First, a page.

Kidney diseases are silent killers, which will largely affect your quality of life.
Keep fit and active (“on the move for kidney health”): Keeping fit helps to reduce your blood pressure and therefore reduces the risk of chronic kidney disease.
Keep regular control of your blood sugar level: About half of people who have diabetes develop kidney damage, so it is important for people with diabetes to have regular tests to check their kidney functions. Kidney damage from diabetes can be reduced or prevented if detected early.
Monitor your blood pressure: High blood is also the most common cause of kidney damage. The normal blood pressure level is 120/80. Between this level and 139/89, you are considered prehypertensive and should adopt lifestyle and dietary changes. If your blood pressure is 140/90 and above, monitor your blood pressure regularly. High blood pressure is especially likely to cause kidney damage when associated with other factors like diabetes, high cholesterol and cardiovascular diseases.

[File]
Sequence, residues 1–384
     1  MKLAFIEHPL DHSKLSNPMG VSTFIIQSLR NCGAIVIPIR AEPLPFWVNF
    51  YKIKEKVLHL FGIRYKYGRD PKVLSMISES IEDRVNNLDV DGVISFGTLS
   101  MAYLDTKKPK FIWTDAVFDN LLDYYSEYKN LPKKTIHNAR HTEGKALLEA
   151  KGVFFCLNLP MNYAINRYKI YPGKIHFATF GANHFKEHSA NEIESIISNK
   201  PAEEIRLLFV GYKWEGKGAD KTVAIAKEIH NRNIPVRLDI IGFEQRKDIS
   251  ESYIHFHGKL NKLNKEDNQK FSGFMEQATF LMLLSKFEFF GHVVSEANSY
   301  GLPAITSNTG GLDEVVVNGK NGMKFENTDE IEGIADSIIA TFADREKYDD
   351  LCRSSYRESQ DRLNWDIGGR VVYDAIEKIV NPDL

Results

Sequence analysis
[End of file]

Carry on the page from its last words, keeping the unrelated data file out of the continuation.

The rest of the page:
Eat healthy and keep your weight in check: This can help prevent diabetes, heart disease and other conditions associated with Chronic Kidney Disease. Reduce your salt intake. The recommended sodium intake is 5-6 grams of salt per day (around a teaspoon).
Maintain a healthy fluid intake: One should consume at least 30 ml per kg body weight of fluids daily. Do not advocate “aggressive fluid loading”, which can cause side effects, but they do provide evidence that moderately increased water intake, around two litres daily, may reduce the risk of decline in kidney function.
Do not smoke: Smoking slows the flow of blood to the kidneys. Smoking also increases the risk of kidney cancer by about 50 percent.
Do not take over-the-counter pills on a regular basis: Common drugs such non-steroidal anti-inflammatory drugs (NSAIDs) like ibuprofen are known to cause kidney damage and disease if taken regularly.